Fired FBI Director James Comey defended himself in a New York Times op-ed Thursday, minutes after the release of DOJ Inspector General (IG) Michael Horowitz’s report that found “dramatic” protocol breaches in his handling of the Hillary Clinton email investigation.
“I do not agree with all of the inspector general’s conclusions, but I respect the work of his office and salute its professionalism,” Comey wrote.
Horowitz’s 568-page report on the “Midyear Exam” investigation contains several serious criticisms of Comey’s conduct, many of which echoed the conclusions of Deputy Rod Rosenstein’s May 2017 memo recommending the then-FBI director be fired.
For example, Horowitz’s report slams the process by which Comey came to give a July 2016 press conference in which he all but cleared Hillary Clinton of criminal wrongdoing. The report concludes:
Comey admitted that he concealed his intentions from the Department until the morning of his press conference on July 5, and instructed his staff to do the same to make it impracticable for Department leadership to prevent him from delivering his statement. We found that it was extraordinary and insubordinate for Comey to do so.
The IG’s report continues, “We concluded that Comey’s unilateral announcement was inconsistent with Department policy and violated long-standing Department practice and protocol by, among other things, criticizing Clinton’s uncharged conduct.”
Comey evidently disagrees. In his op-ed, he writes:
Before 2016, I could never have imagined doing such a thing, because the normal practice was always for the F.B.I. director to coordinate statements with the attorney general and for leaders of the Justice Department to report the details of the completed investigation.
But even in hindsight I think we chose the course most consistent with institutional values. An announcement at that point by the attorney general, especially one without the transparency our traditions permitted, would have done corrosive damage to public faith in the investigation and the institutions of justice. As painful as the whole experience has been, I still believe that. And nothing in the inspector general’s report makes me think we did the wrong thing.
Days before the November 2016 election, the investigation reopened as result of discoveries of new Clinton emails on former Rep. Anthony Weiner’s laptop made in course of a seemingly unrelated child pornography investigation. Regarding Comey’s decision to inform Congress of this change, the report says, “[W]e found it extraordinary that Comey assessed that it was best that the FBI Director not speak directly with the Attorney General and Deputy Attorney General[.]”
Comey defends himself against this accusation, saying, “to have concealed it would have meant to hide vital information: That what I and others had said publicly and under oath to Congress was no longer true. I chose to speak and tell the truth.”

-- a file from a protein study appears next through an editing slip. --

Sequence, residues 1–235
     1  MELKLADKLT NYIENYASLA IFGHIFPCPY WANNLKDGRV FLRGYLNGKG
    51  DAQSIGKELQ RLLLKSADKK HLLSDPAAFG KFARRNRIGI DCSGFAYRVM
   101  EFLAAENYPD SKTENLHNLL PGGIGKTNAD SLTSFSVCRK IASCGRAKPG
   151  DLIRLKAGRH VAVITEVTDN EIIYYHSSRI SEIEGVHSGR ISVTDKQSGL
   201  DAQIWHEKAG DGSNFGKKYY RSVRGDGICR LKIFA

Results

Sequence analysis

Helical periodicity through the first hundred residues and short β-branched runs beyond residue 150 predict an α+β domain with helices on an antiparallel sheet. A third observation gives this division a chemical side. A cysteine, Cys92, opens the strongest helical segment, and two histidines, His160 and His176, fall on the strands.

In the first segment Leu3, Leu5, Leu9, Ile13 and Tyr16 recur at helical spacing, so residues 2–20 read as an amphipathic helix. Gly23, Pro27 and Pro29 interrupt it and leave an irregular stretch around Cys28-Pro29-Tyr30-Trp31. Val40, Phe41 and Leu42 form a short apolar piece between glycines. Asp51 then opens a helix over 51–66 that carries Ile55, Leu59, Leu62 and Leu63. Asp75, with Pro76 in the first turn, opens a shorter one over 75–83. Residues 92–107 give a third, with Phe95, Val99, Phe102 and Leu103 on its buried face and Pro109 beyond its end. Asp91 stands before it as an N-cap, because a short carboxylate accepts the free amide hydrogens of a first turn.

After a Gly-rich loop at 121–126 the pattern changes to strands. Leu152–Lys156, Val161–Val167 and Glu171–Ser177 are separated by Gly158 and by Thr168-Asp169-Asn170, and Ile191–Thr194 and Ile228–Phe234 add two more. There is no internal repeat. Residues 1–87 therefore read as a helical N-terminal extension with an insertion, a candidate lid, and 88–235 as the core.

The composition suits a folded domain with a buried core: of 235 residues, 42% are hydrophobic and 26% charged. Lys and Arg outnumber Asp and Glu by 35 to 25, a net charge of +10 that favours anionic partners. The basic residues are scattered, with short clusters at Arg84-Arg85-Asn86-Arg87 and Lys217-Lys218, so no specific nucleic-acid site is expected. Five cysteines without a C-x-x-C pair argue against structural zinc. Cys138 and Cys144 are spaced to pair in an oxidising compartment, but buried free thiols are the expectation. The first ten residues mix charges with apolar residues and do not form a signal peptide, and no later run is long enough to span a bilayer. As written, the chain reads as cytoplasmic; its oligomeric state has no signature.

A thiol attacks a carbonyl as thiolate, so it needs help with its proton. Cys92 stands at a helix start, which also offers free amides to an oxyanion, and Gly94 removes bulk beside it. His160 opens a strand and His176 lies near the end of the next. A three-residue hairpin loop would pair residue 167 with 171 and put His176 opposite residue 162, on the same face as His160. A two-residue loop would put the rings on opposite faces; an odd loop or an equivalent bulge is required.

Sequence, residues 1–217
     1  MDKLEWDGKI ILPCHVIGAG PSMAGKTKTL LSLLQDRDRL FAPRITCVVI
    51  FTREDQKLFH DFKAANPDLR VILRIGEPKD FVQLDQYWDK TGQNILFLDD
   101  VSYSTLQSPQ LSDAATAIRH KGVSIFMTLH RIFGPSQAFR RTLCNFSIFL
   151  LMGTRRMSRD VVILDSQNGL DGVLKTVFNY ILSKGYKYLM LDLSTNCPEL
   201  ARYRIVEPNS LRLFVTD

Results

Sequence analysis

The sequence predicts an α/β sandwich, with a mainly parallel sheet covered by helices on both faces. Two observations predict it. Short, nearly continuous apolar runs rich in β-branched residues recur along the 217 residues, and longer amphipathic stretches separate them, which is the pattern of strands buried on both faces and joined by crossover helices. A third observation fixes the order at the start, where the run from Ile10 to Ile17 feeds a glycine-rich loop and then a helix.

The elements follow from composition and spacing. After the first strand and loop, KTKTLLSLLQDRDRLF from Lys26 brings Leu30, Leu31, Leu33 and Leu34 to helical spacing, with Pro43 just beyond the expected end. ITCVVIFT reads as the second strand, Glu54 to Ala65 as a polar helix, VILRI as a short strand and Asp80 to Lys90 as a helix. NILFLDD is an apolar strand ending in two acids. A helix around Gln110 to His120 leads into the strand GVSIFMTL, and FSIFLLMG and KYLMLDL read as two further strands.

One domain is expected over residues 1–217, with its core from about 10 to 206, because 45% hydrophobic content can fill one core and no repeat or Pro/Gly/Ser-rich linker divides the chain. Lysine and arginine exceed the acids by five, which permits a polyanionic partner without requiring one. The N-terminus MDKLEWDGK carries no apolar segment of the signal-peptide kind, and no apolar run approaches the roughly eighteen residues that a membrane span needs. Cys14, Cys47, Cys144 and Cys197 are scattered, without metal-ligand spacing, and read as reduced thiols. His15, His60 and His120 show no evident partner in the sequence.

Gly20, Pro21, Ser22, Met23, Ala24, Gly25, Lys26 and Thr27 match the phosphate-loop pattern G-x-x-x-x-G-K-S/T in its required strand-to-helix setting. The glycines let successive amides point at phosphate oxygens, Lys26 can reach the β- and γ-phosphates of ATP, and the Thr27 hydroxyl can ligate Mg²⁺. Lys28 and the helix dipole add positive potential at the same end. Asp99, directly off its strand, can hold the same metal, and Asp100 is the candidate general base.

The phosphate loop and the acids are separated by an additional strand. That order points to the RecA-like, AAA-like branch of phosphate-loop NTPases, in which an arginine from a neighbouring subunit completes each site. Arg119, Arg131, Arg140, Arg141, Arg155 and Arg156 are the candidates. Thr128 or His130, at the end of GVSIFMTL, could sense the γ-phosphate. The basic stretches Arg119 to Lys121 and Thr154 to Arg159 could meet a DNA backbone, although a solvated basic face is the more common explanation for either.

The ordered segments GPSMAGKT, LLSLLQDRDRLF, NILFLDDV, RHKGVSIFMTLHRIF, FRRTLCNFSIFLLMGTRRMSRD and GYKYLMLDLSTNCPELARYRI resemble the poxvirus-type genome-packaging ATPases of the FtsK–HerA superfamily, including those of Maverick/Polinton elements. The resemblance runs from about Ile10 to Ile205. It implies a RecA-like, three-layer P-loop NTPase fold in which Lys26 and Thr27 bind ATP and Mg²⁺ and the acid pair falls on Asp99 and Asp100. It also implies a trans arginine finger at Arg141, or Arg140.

Finally, the IG’s report takes Comey to task for his use of his personal email for conducting official FBI business, albeit only with unclassified material. “We found that, given the absence of exigent circumstances and the frequency with which the use of personal email occurred, Comey’s use of a personal email account for unclassified FBI business to be inconsistent with Department policy,” the report concludes.
In his op-ed, Comey defends the FBI’s overall conduct, claiming, “First, the inspector general’s team went through the F.B.I.’s work with a microscope and found no evidence that bias or improper motivation affected the investigation, which I know was done competently, honestly and independently.”
The report does not conclude there is proof that any major decision in the Clinton email probe was made due to political bias, but did find that some FBI personnel involved had a “biased state of mind.”
“The report also resoundingly demonstrates that there was no prosecutable case against Mrs. Clinton, as we had concluded,” Comey writes in perhaps the ultimate defense of his conduct. “Although that probably will not stop some from continuing to claim the opposite is true, this independent assessment will be useful to thoughtful people and an important contribution to the historical record.”
The IG’s report makes no independent determination of Clinton’s criminal liability, but it does contain ample evidence of broad consensus among Comey, his FBI subordinates, and DOJ officials that no viable case existed.
A glimpse of that understanding is seen in Comey’s own observation, made in an interview with the IG’s investigators, “that there was no fricking way that the Department of Justice in a million years was going to prosecute that.”